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Create build files and CLI tools easily.

Project description

# bumpy

A library for writing and executing BUildy / Makey tasks, written in PYthon. Get it? Brilliance.

Bumpy aims to provide a simple and effective way to collect and automate build, test, and deploy tasks. In order to leverage Python's powerful syntax while still maintaining a minimal and readable build file, bumpy includes several helper functions to reduce the amount of code and clutter your build files need to include without sacrificing functionality.

Bumpy is derived from [pynt](, and by extension, [microbuild](

## Usage

Bumpy is simple to use. Just import it, define your tasks, and run `bumpy` in the same directory.

import bumpy

def compile():
'''Compiles all the code.'''
print 'Running...'

And that's it. You can run the code like this:

$ bumpy compile
execute [compile]
finish [compile]

### Moar

Bumpy uses Python decorators to record and manipulate your tasks. Bumpy also includes several helper functions to minimize the code you need to write while still providing maximal functionality.

#### Decorators

* `@task` (also `@command` and `@cmd`) registers the decorated function as a task. The function name will be used at the command line to invoke this task, and the function's docstring will be displayed when the `help` command is called. All other decorators will invoke `@task` if necessary, so if you are using the advanced decorators you don't need to use this.
* `@default` marks the decorated function as the "default" task. The "default" task will be run when no other arguments are given to bumpy.
* `@setup` identifies a task as the "setup" task. The "setup" task will be run immediately, before any other bumpy processing has started.
* `@teardown` identifies a task as the "teardown" task. The "teardown" task will be run just prior to exiting, after all other bumpy processing has completed.
* `@private` hides the task from the `help` task. Can be used to hide the setup and teardown tasks or to create tasks that can act as requirements but can't be called manually.
* `@requires(...)` specifies that this task requires certain things before it can be run. The requirements can either be a filename (as a string) or another bumpy task: `@requires("file.txt")` or `@requires(compile)`. Any missing files will cause bumpy to abort this task. Any required tasks will be executed before executing this task, and failures will prevent this task from being executed. If a task is required multiple times it will only be executed once.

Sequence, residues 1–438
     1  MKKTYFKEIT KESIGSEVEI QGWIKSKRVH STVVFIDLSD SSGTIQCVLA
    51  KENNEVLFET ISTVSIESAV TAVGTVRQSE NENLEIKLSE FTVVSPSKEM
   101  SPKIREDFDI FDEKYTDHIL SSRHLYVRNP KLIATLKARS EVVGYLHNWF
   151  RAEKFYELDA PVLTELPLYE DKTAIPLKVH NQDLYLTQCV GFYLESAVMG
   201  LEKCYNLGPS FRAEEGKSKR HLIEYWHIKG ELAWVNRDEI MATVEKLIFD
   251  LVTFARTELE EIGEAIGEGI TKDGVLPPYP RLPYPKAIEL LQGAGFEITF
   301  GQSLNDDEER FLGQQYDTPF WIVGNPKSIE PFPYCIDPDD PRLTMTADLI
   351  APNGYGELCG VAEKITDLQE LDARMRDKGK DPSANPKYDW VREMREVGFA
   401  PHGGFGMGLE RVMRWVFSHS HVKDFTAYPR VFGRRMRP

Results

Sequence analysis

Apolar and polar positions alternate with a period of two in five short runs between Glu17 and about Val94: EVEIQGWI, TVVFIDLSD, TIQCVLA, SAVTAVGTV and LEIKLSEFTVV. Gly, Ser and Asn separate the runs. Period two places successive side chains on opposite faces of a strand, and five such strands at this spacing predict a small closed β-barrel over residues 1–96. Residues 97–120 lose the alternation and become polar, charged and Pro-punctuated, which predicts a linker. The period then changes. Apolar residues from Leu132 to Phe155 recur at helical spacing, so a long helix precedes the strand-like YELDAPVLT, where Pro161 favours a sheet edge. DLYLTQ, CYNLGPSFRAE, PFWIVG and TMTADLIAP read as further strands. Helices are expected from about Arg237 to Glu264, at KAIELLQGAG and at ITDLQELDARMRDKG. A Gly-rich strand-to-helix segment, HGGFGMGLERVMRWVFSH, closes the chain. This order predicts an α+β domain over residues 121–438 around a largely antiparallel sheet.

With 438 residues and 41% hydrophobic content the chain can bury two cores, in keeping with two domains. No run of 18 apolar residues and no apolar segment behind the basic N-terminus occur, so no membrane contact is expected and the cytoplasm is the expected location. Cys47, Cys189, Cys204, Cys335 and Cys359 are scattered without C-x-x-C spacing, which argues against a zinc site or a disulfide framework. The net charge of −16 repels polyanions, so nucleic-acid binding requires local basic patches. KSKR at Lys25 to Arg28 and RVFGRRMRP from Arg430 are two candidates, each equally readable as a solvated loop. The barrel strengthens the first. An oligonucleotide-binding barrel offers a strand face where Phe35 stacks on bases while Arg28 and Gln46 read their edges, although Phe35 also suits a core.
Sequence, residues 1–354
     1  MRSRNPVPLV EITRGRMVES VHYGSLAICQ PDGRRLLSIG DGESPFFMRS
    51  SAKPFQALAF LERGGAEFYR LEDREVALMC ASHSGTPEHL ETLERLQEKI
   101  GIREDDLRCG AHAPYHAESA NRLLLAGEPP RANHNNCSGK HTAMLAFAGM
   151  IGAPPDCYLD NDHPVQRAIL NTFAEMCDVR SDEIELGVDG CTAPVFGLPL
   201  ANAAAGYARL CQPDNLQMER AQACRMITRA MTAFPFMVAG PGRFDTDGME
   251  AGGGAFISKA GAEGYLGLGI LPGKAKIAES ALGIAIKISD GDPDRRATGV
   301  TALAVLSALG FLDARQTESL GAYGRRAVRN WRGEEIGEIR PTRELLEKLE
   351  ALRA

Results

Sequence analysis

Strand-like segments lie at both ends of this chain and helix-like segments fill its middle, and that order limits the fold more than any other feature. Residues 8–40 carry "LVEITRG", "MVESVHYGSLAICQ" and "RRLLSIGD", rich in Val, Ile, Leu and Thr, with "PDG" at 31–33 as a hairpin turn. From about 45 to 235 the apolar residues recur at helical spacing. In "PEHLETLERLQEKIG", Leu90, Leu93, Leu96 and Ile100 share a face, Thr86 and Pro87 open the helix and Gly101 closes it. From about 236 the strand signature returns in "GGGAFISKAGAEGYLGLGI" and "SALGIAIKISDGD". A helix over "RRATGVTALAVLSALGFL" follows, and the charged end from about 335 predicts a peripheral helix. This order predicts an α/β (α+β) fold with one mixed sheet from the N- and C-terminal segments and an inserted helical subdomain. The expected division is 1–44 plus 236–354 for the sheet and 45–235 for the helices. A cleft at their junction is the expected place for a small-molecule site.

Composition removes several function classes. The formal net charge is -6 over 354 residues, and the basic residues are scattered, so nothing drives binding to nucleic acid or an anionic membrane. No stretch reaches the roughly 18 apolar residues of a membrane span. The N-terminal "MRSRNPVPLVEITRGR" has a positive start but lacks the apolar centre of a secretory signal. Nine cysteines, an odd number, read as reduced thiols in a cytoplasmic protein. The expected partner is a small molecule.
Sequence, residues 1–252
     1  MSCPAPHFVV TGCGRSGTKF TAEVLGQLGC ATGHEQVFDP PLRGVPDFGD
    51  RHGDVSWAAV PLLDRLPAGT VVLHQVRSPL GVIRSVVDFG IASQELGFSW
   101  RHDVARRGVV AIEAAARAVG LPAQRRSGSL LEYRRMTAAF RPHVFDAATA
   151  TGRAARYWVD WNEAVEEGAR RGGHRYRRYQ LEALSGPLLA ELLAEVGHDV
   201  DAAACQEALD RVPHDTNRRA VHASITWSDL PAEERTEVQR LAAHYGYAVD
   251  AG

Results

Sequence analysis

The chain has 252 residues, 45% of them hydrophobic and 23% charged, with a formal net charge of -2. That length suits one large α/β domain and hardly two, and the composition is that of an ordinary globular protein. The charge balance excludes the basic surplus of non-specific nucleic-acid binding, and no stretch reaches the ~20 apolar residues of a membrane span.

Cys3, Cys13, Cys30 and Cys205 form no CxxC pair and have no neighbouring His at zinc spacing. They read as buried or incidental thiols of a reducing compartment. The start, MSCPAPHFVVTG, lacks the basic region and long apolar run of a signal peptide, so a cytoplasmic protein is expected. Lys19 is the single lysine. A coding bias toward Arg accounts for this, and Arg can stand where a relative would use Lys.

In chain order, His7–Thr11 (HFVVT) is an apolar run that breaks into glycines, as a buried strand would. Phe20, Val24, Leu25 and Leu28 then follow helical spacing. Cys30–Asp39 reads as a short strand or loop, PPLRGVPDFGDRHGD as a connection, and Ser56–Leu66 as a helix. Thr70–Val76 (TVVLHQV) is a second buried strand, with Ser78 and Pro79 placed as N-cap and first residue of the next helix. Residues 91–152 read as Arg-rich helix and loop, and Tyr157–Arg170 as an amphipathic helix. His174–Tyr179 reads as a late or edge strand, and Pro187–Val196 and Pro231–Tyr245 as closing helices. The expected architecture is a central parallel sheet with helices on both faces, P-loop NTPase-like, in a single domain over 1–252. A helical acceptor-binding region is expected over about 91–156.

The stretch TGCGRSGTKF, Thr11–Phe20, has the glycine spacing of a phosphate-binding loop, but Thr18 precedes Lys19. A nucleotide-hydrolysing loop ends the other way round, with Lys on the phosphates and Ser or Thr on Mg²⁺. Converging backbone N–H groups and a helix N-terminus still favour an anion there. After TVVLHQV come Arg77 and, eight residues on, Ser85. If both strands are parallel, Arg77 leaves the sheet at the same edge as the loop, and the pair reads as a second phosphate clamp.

* `@alias(...)` allows the task to be called from names other than its declared function name
* `@generates(...)` tracks a list of files created by this task that can be automatically deleted by calling `clean()`
* `@suppress(...)` prevents bumpy from displaying its own output when executing this task. Acceptable messages to suppress:
* `all` - everything will be suppressed
* `execute_single` - displayed when a task with no requirements is executed
* `execute_multi` - displayed when a task with requirements is executed; includes requirements list
* `finish` - displayed when a task finishes
* `abort` - displayed when a task aborts
* `abort_bad_task` - displayed when a task aborts because a required task failed
* `abort_bad_file` - displayed when a task aborts because a required file was missing

#### Helpers

* `abort(message)` will raise an exception and abort the current task, printing an error message as output and preventing any dependent tasks from executing
* `shell(command)` will pass the command into the user's shell, returning the command's output or any raised exceptions
* `require(*requirements)` is similar to the `@requires(...)` decorator, although it can be called in the middle of a task rather than at the beginning. It can be used to verify that a certain file was produced or to require a different task depending on a condition.
* `age(*paths)` returns the *minimum* age of any file in `*paths`. If none of the given files exist, the current Unix timestamp is returned. This means that missing files are always interpreted as older than existing files.
* `valid(*things)` checks whether all of the `things` are "valid", ie if they were required, they would pass
* `clean()` erases any files that have been added by a `@generates(...)` decorator

## To be continued

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